10 Atmosphere Facts | Facts about the Earth’s Atmosphere

Learning about the atmosphere that surrounds the Earth is important. Not only for studying purposes, but it also helps us understand the way that the world works, and how much the Earth and we humans rely on its atmosphere to protect us.

Situated as the third planet away from the Sun in our solar system, the reality is that Earth’s position has proven to be the ideal habitat for humans and other animals to live. With global warming becoming an increasingly common subject matter amongst scientists, it is important that we understand how our atmosphere actually works.

And the truth is that there is nothing else out there quite like Earth’s atmosphere, which has allowed life to form on our planet. Let’s look at some facts about the atmosphere.

Atmosphere Facts

  1. It’s thought that the atmosphere that surrounds the Earth has been there since its formation 4.5 billion years ago.
  2. However, our atmosphere has developed and changed a lot through time. It’s thought that Earth’s original atmosphere was just carbon dioxide, with smaller amounts of oxygen.
  3. Earth’s atmosphere is estimated to weight around 5.5 quadrillion tons.
  4. Most of this weight is held in the Troposphere, which is the level closest to Earth.
  5. The activity of humans, like burning fossil fuels, has a big effect on the atmosphere that surrounds us.
  6. The named atmosphere comes from the Ancient Greek word atmos, meaning Vapour, and sphaira, meaning sphere.
  7. Our wind and clouds are all a result of our atmosphere – the wind is caused by differences in atmospheric pressure.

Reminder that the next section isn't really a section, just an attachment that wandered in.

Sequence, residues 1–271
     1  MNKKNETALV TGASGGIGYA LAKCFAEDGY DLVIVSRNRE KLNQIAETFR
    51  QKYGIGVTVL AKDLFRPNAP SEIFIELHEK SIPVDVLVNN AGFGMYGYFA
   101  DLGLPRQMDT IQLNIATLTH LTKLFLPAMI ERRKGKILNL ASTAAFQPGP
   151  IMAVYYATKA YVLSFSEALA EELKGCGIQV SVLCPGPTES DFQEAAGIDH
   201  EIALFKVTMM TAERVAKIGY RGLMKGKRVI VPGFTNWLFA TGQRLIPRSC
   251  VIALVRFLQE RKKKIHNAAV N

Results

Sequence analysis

8. The atmosphere extends out from the surface to a distance of around 10,000km.
  9. 420 million years ago, the change in atmosphere caused the first major extinction, which wiped out 23% of all marine animals.
  10. There used to be a lot more oxygen in our air, and the level is declining according to scientists.

Layers of the Atmosphere

We tend to divide the Earth’s atmosphere into five different layers. These are the exosphere, thermosphere, mesosphere, stratosphere and troposphere. The further you get out from Earth, the thinner the atmosphere is.

  • Exosphere – The highest layer is referred to as the Exosphere. This part of the atmosphere is comprised of the lightest gases, like hydrogen and helium. The air up there is almost as thin as in space itself.
  • Thermosphere – Below this is the Thermosphere, which has extremely high temperatures and is made up of nitrogen at its lower levels, and oxygen and helium at its high levels. The thermosphere is where our International Space Station resides as it orbits around the Earth.
  • Mesosphere – In contrast to the thermosphere, the mesosphere is the coldest layer of atmosphere surrounding the Earth. It has a similar gas composition to Earth’s surface, with a lot of nitrogen and oxygen.
  • Stratosphere – The Stratosphere makes up around 25% of the total of Earth’s atmosphere, and is home to more than 90% of our Earth’s O-Zone layer.
  • Troposphere – The lowest level of our atmosphere is called the Troposphere. It contains most of our Earth’s water vapour, and is 78% nitrogen and 21% oxygen.

Water vapor is actually very important for humans, as it provides us with some warmth (it’s actually another form of heat, second only to the Sun. When heat radiates out from the Earth, it will actually get absorbed by the small water molecules, which eventually finds it way back to the surface of our planet again.